Select Committee on Delegated Powers and Regulatory Reform Ninth Report



1.  Part 1 of this bill makes provision about National Health Service patients whose discharge from hospital is delayed because the local authority has not put in place the necessary community care services or services for carers. In particular, it provides for a system of payments for the local authority to the provider of the NHS healthcare. Part 2 of the bill enables the removal of local authorities' powers to charge for certain community care services or services for carers. The bill extends to England and Wales only.


2.  The bill contains a number of delegated powers. These are (with one exception) identified in the memorandum from the Department of Health to the Committee. (The exception is the power in clause 17(2) to make commencement orders.) The memorandum is printed as an Annex to this Report. Instruments to be made by the Secretary of State, or by the National Assembly for Wales ("the Assembly") and the Secretary of State acting jointly, are subject to negative procedure. Instruments to be made by the Assembly will be subject to the subordinate legislation procedure under the Government of Wales Act 1998.

3.  We note that in the course of the Second Reading debate on 27 January, comments were made about the extent of the delegation of powers in the bill. We acknowledge the general thrust of this point although, on this occasion, save for the issues raised in respect of clause 1 and clause 4(4) below, the Committee finds nothing unusual in the powers to make regulations.

Clause 1

4.  Clause 1 defines a "qualifying hospital patient" as a person who (amongst other things) is receiving (or has received or is expected to receive) "care of a description prescribed in regulations". Clauses 2 to 4 (which are the main provisions of Part 1 of the bill about determination of need for services and delayed discharge payments) apply only where the patient is a "qualifying hospital patient"; and clause 11, which enables Part 1 to be extended to qualifying care home patients, links (through clause 11(4)) to the description of care under clause 1. So the description of care under clause 1 largely determines the practical scope of Part 1.

5.  In these circumstances, we considered whether regulations under clause 1 should, except where made by the Assembly alone, be subject to affirmative procedure. In doing so, we considered the Assembly's mechanism for scrutiny of subordinate legislation which, we recognise, is not strictly analogous to either the negative or affirmative procedures in the Westminster Parliament. We approach each delegation on a case by case basis and concluded that, on this occasion, the negative procedure is satisfactory. We anticipate, however, that the impact of devolution on delegated legislation is an issue to which we shall, more generally, turn our attention in the coming months. Meanwhile, we would find it helpful if Government departments, when drawing up memoranda on delegated powers in bills involving England and Wales, would say whether, and if so how, the devolution arrangements influenced their decision as to which Parliamentary procedure should be applied in relation to instruments applying to England.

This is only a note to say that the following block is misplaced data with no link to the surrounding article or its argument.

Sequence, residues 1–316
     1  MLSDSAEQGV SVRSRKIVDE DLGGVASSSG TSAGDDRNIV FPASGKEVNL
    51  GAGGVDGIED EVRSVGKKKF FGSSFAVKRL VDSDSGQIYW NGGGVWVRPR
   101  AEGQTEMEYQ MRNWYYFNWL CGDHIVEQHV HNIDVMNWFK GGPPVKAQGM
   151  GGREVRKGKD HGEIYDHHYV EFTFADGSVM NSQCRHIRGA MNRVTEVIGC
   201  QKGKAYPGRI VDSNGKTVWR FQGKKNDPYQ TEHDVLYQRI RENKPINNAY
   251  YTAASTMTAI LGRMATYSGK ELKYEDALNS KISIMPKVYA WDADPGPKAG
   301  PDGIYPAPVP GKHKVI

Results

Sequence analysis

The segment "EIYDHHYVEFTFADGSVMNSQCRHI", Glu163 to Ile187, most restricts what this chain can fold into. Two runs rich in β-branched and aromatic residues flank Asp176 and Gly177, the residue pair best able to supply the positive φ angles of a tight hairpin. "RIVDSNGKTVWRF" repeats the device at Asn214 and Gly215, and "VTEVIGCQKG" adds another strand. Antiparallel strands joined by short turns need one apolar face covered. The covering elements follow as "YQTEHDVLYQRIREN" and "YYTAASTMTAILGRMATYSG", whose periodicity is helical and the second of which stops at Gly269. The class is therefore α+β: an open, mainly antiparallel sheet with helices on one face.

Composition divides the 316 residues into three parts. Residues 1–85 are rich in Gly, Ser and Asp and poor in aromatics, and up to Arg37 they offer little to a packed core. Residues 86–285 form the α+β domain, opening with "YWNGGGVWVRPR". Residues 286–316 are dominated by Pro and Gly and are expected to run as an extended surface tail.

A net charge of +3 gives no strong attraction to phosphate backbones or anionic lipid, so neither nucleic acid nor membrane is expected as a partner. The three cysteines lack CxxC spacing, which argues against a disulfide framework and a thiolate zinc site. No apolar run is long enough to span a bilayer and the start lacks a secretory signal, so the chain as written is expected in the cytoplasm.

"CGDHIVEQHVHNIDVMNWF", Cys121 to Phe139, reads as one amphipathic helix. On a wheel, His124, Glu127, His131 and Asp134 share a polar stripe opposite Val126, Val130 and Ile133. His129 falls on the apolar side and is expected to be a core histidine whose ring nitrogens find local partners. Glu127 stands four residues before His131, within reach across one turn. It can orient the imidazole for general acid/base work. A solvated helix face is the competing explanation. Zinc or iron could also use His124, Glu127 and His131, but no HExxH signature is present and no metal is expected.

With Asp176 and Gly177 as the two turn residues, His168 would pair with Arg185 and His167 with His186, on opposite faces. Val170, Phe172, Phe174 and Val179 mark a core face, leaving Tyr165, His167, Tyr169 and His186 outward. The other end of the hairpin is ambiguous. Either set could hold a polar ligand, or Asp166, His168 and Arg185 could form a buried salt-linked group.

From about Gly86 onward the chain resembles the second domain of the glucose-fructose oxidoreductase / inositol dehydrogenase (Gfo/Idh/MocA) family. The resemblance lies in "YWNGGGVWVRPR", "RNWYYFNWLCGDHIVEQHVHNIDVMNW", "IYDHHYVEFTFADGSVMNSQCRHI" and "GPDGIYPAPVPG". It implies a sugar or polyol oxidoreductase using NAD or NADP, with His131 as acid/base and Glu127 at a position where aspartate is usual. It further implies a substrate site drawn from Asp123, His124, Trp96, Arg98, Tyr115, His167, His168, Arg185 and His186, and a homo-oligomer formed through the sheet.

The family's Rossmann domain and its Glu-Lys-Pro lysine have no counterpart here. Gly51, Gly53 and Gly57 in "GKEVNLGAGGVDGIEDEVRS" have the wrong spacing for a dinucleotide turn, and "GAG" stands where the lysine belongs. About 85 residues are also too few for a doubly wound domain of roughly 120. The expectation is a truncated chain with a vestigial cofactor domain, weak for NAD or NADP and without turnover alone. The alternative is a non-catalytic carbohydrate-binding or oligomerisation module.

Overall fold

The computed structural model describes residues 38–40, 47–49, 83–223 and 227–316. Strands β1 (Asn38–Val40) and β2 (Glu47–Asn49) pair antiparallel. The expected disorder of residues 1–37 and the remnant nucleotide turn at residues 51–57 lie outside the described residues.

Clause 4(4)

6.  Clause 4(4) enables regulations to prescribe the daily amount which a local authority must pay for the delayed discharge period. Although the bill contains no express limit to the power to prescribe an amount, the Explanatory Notes which accompany the bill[2] (paragraph 32) suggest that the amount prescribed will represent the average daily cost (adjusted) of treating patients in a nursing-led facility, which will currently work out at about £100 to £120 (paragraph 26 of the memorandum to the Committee).

7.  We accept that it is common for bills to leave amounts of payments to be prescribed by regulations. However, neither the amount which may be fixed under clause 4, nor the method by which it may be calculated, are limited on the face of the bill. We do not consider that the position is appropriate in a provision which is central to Part I of the bill. The Committee considers that the delegation in clause 4 would be appropriate if the bill described at least the main factors by reference to which the amount must be assessed. Alternatively, (though this would not apply to regulations made by the National Assembly for Wales), the first regulations made under clause 4(4) should be subject to the affirmative procedure.


8.  Save for the recommendations in paragraph 5 and 7 above, there is nothing in the delegated powers in this bill to which the Committee wished to draw the attention of the House.

2   The Explanatory Notes are published by TSO as HL Bill 20-EN and are available at  Back

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